Fall Color, Finally
(clicking any photo will open a larger image in a new tab)
In late October or early November, I make a point of going to Ha Ha Tonka State Park, sixty miles south of my home in mid-Missouri. I’m seldom disappointed by the fall colors the landscape has to offer. I made the trip on Monday, with temperatures in the sixties and partially cloudy (wispy) skies.
The patches of red that are visible are dogwood.
There may be few maples in our area, but they draw my camera like a magnet.
This view is one that I never fail to photograph. It’s the outflow from a natural spring found at the base of one of the bluffs. The water (56,000,000 gallons, daily) can have an amazing blue hue on a cloudless day.
I spent several hours walking 4.5 miles of trails within the park, with an elevation change of a couple hundred feet, from the Castle down to the water, and then up again along the bluffs.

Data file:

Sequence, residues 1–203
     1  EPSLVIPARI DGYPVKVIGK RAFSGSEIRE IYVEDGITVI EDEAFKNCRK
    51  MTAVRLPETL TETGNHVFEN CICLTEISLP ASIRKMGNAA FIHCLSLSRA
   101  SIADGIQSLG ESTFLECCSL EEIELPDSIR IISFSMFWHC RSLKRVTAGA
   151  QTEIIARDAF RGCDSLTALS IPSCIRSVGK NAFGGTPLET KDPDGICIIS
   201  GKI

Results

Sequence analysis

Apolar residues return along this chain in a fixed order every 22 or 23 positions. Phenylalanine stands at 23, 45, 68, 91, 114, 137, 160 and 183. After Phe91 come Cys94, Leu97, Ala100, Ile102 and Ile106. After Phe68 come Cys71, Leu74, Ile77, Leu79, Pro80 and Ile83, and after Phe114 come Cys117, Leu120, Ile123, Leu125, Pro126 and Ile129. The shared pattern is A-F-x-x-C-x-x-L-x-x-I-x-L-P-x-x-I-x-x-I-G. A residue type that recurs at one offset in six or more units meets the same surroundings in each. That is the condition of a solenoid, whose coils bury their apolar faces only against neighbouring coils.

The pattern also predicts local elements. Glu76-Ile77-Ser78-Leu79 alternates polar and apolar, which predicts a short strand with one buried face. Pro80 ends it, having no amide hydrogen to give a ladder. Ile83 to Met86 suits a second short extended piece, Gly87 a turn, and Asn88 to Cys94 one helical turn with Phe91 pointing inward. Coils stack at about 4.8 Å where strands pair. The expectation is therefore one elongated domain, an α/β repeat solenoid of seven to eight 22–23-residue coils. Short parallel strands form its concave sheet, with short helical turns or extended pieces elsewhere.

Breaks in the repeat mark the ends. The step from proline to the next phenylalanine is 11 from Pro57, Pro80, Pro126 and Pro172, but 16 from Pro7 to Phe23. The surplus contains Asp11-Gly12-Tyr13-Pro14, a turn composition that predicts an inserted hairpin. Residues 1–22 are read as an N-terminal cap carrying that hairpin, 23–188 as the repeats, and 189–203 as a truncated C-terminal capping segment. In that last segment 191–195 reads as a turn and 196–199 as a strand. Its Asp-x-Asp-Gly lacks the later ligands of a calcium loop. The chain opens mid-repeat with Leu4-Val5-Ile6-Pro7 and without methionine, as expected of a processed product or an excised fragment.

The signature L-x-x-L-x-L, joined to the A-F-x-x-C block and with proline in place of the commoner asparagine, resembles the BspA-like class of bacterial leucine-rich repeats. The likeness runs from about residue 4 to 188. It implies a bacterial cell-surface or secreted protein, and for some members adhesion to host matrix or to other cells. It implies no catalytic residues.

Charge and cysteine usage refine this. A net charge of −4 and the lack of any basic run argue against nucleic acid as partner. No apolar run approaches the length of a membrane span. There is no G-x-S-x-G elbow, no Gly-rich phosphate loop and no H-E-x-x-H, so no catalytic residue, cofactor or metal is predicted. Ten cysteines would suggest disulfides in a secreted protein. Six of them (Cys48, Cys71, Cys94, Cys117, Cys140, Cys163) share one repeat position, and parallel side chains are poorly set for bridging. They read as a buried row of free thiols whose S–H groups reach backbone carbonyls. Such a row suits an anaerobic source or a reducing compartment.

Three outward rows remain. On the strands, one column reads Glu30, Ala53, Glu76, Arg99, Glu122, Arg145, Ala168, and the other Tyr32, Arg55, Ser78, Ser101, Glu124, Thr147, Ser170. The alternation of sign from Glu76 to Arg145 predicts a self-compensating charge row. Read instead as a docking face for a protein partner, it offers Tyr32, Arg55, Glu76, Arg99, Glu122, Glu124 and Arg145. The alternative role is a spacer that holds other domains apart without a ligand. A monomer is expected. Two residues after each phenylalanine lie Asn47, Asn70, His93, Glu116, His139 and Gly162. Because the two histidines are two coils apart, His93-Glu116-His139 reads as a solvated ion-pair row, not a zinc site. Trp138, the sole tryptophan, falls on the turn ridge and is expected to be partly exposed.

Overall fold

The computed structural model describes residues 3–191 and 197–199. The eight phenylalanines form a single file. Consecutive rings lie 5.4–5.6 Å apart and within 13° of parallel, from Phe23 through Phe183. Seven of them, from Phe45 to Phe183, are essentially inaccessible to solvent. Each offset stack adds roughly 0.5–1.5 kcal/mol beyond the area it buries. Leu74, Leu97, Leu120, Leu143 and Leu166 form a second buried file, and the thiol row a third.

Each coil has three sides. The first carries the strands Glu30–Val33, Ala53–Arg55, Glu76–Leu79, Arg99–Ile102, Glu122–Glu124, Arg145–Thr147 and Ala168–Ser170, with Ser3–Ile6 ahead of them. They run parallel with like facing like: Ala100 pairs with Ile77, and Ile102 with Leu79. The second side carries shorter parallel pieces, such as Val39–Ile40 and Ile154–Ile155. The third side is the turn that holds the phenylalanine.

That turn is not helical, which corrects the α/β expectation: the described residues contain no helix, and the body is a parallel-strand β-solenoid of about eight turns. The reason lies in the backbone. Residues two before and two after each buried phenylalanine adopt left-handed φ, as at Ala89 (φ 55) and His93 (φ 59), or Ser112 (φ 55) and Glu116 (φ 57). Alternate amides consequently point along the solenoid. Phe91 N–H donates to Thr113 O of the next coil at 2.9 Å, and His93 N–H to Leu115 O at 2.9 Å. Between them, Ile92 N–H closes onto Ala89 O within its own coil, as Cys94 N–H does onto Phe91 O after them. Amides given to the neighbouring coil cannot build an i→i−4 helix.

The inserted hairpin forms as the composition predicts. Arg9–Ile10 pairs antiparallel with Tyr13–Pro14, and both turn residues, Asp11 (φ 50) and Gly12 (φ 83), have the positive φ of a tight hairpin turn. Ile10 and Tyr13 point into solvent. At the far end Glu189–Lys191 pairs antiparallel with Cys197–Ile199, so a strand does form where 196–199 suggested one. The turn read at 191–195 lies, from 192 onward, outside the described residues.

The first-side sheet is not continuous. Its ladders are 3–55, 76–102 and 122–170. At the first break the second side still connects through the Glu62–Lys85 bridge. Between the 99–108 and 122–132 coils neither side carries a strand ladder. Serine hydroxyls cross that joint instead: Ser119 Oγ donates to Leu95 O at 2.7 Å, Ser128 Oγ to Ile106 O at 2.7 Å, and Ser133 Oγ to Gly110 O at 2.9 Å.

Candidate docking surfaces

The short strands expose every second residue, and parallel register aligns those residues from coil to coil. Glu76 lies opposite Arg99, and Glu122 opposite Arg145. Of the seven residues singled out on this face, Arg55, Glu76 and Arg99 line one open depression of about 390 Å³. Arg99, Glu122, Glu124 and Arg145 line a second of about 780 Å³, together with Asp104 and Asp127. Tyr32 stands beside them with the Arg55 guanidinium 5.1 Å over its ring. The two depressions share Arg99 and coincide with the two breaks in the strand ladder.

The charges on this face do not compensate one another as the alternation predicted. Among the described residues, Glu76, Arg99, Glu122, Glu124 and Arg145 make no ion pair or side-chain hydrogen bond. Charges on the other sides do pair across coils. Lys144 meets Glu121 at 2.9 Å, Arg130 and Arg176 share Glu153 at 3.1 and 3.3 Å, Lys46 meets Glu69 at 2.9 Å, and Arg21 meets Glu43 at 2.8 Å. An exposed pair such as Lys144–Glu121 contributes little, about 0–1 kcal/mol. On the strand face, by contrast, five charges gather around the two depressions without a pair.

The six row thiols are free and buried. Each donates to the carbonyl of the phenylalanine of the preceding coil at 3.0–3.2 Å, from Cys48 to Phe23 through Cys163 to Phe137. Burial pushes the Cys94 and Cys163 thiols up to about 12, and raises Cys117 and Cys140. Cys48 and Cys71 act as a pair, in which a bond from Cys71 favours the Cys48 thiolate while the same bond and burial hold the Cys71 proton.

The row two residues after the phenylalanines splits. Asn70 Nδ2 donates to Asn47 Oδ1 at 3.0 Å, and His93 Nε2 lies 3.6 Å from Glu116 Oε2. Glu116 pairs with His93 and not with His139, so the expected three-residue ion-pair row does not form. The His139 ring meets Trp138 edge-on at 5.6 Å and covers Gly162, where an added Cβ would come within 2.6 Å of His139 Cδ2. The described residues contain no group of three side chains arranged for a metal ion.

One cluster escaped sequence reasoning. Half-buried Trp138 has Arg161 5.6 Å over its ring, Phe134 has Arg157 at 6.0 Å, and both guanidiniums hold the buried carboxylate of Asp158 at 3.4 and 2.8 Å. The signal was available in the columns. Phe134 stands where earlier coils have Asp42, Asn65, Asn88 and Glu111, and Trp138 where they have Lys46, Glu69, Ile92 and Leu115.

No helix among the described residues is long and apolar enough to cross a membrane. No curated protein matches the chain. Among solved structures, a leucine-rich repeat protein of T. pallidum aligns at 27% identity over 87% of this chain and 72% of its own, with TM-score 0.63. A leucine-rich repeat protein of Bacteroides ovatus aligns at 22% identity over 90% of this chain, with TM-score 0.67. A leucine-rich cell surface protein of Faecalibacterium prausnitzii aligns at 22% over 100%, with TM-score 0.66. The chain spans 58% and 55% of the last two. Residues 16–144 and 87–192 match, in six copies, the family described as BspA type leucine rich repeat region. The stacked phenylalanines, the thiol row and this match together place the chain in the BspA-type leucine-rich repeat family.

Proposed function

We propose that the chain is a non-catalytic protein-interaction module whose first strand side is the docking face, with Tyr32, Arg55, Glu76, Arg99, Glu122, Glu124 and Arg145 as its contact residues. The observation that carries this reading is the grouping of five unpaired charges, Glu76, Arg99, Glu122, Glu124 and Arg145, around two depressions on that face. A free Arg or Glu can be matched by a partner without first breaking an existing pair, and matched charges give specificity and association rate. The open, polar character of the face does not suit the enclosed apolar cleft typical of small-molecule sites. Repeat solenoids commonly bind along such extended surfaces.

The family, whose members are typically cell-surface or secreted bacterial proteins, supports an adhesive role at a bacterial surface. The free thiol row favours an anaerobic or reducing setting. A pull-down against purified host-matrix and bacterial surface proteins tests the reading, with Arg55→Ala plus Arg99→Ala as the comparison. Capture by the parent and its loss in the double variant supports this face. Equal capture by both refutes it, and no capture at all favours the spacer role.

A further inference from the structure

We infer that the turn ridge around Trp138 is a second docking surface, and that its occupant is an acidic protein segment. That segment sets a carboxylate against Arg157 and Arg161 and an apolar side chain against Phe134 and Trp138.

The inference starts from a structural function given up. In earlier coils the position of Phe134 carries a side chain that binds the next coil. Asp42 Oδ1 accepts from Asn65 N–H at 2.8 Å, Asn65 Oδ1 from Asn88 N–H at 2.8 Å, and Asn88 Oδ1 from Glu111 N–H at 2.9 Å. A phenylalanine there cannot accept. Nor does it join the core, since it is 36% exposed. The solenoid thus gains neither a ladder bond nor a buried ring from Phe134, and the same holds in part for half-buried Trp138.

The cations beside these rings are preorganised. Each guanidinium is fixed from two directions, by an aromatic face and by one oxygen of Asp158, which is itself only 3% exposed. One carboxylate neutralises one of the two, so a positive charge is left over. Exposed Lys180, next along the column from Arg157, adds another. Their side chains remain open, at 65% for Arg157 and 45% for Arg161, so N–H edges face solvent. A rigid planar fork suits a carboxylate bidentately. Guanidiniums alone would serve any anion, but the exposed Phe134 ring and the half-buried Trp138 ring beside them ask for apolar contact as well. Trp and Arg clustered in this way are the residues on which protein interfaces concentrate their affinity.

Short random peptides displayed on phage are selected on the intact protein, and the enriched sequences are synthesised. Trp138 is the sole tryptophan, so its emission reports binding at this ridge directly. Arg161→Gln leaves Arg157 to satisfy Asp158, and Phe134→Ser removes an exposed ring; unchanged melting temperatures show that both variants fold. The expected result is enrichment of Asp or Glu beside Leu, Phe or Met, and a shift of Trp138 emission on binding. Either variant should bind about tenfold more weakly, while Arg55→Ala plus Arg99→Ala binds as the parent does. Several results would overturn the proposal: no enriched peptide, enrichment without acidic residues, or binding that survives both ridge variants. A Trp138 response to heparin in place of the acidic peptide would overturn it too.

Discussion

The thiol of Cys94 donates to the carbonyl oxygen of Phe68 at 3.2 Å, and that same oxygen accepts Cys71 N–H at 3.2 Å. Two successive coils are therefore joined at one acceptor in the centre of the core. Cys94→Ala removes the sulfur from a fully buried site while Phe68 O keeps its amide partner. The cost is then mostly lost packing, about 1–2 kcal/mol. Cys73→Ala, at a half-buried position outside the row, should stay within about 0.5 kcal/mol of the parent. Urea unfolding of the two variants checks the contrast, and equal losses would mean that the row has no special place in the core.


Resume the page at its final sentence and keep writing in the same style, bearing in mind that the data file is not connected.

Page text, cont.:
This tree, now bare, sits on the ledge visible in the photo above it.
The area has numerous karst formations, including this natural bridge.
Designed to be a home, later a hotel, The Castle at Ha Ha Tonka is bare stone walls, the result of a devastating fire in 1942.
A great photo of The Castle in its prime can be seen here.
Meanwhile, within five miles of my home, this bluff always offers a spectacular autumn view.
And in my back yard, this hickory.
Sadly, the colors don’t stay forever. This is the same tree, three days later, after rain and a couple of cool nights. I’m sure the other trees are soon to follow. Oh well, there’s always next year.